Quote of the Day: I want speed and excitement, and I want our players to go out there and have the times of their lives. We’re not going to be hanging around waiting for something to happen. We’re going to make things happen ourselves. Herb Brooks, MN Gophers hockey coach, 1972-1979, and Head Coach of US Hockey team in the 1980 Olympics, and more. 

Cast ensemble of The Abominables at Children's Theatre Company, photo by Dan Norman

Ensemble The Abominables at CTC photo by Dan Norman

The Children’s Theatre Company in Minneapolis commissioned work with The Civilians to create a Minnesota Hockey Musical, a very appropriate subject for Minnesota families. Not all of us are hockey families, or even all members of the family are into hockey, but it is part of all our lives. The creators of the Abmoninables, Steve Cosson and Michael Friedman, did a great job of showing that. In fact, the opening number is Lily Munson (Valerie Wick), the little sister, singing about not liking hockey, instead she is a dancing princess. 

The Munson’s are a family of five: the mom Ellen (Autumn Ness), the dad Charlie (Reed Sigmund), the oldest son Mitch (Henry Constable), the middle daughter Tracy (Natalie Tran), and the little sister Lily. The parents tend to focus more on Mitch who is vying for a spot on the A-Team. The team is their social network. Ellen goes out for mocha martinis with the other moms in between games, especially when they’re traveling. They all stay at the same hotels for tournaments, and go so far as to decorate the team member’s hotel room doors. Go Blizzards!

Henry Constable (Mitch Munson) and ensemble in The Abominables at Children's Theatre Company, photo by Dan Norman

Henry Constable (Mitch Munson) and ensemble in The Abominables at CTC, photo by Dan Norman

This show reeks of my current home in the Brainerd lakes area. The team colors are even blue, white, and black like the Brainerd teams, and they have a B (for Blizzards) on their jerseys. I couldn’t help but chuckle at the behavior of the hockey moms, especially when Ellen follows her son Mitch into the boys’ locker room to make sure he has everything he needs for try-outs. I think most families can relate to the micromanaging mother, the intense father, the jealous siblings, and the over-emphasis on one thing. It could be soccer, academics, performing arts, or even church. It becomes the family’s identity. But, what happens when someone shows up to upset that plan?

Enter, the Yeti! I thought this was fun and it gives the show a certain fantasy element to a very realistic subject and touchy family dynamics. The new player, Harry (Ryan Colbert) is tall, strong, and athletic, a natural on the ice…because he’s a Yeti! He tries out for hockey because he wants to be part of something, to be a team member, and to have friends. In the meantime, he bumps Mitch out of his coveted role. Now what? As you can imagine, Mitch is crushed, angry, and tries everything to get his position back.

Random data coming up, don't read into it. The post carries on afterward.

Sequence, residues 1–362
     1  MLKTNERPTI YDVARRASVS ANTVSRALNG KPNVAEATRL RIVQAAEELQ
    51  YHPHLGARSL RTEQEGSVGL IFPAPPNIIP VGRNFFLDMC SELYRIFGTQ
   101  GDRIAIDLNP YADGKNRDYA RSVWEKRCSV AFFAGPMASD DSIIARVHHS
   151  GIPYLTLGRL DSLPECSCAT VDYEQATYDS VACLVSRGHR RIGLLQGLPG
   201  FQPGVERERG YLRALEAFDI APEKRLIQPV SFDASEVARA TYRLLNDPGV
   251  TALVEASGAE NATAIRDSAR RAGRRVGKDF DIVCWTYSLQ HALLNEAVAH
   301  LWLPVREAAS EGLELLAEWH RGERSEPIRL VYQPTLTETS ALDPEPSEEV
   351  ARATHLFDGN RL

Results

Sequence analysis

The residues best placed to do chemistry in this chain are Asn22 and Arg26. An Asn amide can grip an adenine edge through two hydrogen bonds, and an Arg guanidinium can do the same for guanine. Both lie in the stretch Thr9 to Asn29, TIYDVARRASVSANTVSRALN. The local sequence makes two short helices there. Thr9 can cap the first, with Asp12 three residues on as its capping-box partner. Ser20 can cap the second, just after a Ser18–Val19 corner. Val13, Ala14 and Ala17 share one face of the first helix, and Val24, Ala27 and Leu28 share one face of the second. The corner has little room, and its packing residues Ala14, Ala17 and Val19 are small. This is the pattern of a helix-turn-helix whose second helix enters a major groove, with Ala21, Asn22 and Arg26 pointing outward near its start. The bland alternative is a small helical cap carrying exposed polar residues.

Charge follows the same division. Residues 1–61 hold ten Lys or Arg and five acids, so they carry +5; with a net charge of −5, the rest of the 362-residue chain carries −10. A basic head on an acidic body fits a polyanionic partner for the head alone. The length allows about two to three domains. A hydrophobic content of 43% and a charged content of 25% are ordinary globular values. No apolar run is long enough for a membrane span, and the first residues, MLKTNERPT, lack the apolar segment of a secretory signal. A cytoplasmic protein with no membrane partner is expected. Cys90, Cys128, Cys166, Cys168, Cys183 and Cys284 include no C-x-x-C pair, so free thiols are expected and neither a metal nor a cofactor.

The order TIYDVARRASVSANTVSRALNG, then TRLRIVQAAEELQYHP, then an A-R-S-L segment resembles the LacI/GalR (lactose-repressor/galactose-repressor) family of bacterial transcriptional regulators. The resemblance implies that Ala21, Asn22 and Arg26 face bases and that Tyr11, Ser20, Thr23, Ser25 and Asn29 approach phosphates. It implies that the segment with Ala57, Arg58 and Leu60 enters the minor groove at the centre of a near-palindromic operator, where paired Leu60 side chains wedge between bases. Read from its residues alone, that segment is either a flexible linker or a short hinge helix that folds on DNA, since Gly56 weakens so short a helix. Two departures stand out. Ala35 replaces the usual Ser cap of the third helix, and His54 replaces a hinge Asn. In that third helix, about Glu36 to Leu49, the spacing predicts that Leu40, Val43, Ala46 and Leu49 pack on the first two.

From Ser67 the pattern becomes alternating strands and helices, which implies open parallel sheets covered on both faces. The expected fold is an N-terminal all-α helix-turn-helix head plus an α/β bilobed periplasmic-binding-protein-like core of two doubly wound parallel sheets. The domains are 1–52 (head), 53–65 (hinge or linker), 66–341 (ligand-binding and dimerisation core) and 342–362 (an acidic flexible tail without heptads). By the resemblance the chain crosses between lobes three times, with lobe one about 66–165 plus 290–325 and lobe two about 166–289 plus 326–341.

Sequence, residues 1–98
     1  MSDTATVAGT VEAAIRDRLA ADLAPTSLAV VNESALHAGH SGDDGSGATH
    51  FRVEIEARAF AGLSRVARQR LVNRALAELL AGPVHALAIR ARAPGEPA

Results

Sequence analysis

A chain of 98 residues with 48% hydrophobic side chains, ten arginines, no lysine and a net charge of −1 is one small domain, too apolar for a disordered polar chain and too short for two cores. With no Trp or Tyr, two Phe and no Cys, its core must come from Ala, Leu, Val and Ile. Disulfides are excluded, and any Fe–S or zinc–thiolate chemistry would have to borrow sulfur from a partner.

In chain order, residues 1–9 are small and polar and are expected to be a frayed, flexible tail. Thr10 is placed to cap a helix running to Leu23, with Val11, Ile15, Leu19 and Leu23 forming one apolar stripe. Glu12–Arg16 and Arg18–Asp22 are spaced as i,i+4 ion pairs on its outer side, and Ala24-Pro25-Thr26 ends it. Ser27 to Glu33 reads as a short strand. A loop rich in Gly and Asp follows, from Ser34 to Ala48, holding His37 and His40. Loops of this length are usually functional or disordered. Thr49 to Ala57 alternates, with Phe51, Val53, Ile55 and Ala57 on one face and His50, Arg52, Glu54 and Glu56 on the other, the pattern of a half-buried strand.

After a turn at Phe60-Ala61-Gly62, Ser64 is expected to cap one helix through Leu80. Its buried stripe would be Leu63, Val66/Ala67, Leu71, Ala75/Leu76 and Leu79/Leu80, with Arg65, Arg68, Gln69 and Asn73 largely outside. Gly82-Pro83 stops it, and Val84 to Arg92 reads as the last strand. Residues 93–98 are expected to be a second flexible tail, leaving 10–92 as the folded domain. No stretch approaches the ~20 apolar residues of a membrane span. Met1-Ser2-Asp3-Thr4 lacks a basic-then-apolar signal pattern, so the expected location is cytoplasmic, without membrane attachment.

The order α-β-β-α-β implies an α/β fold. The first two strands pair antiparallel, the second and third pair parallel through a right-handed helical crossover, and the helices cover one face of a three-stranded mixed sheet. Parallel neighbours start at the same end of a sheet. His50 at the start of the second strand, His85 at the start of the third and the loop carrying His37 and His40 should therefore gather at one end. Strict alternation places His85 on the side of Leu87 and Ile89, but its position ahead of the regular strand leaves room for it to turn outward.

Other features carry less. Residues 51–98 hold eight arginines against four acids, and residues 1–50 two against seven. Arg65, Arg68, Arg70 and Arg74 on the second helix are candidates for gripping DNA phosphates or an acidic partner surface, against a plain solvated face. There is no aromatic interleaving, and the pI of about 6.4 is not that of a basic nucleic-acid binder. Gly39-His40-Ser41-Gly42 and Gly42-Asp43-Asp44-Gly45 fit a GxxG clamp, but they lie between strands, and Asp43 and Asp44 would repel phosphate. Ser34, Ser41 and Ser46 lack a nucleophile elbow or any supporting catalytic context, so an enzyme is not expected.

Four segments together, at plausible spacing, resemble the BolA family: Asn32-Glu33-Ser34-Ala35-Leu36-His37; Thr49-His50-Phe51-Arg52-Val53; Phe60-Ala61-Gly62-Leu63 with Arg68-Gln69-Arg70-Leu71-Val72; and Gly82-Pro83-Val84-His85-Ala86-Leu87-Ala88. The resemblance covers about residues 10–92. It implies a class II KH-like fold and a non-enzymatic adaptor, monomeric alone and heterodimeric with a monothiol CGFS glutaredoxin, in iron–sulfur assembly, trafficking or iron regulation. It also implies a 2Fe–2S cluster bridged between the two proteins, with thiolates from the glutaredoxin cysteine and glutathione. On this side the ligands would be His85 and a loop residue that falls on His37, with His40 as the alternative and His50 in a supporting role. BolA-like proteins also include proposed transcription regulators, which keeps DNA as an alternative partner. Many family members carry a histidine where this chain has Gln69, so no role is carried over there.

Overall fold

Canadian 'youth' hockey players in The Abominables at Children's Theatre Company, photo by Dan Norman

Canadian ‘youth’ hockey players photo by Dan Norman

Of course, they needed to include a tournament against the Canadian team. Their song was one of the most humorous parts of the show. While the adults are preoccupied with the game and their boy players, the girls win their game (thanks for noticing, mom), and the little ones wander off.

Although it is a fantasy element, and I thought of the Yeti as more of a foundling, he is introduced as the adopted son of the new family. The script doesn’t handle the adoption element very well and there has been some controversy about it. Also, it would have been nice to see the parents rally around their daughters a little more in the end.

The Abominables is a show about family, sports, sportsmanship, friendship, learning how to graciously lose, and to embrace who you are and where your talents lie. It is directed by co-creator Steve Cosson and Choreographed by Joe Chvala. Fight and hockey choreography by Ryan Bourque. Set design by Andrew Boyce (it looked like our local hockey area). Costumes by Jessica Pabst, lighting by Jake DeGroot, Sound design by Sten Severson, Music Directed by Andrew Fleser. The late Michael Friedman wrote the music and lyrics, which is part rock and roll, part contemporary musical theater, and fully entertaining. 

You can see The Abominables now through October 15, 2017 at the Children’s Theatre Company in Minneapolis, MN. It was fun to see teams, boys and girls, attend the show together. The little boy next to me was filled with wonder at the magic of theater and the storytelling.

Go. Create. Inspire!

Journaling Prompt: What’s your best activity/skill? Do you have a sibling who seemed to shine more than others? Was it you? How did your family maintain balance, or not?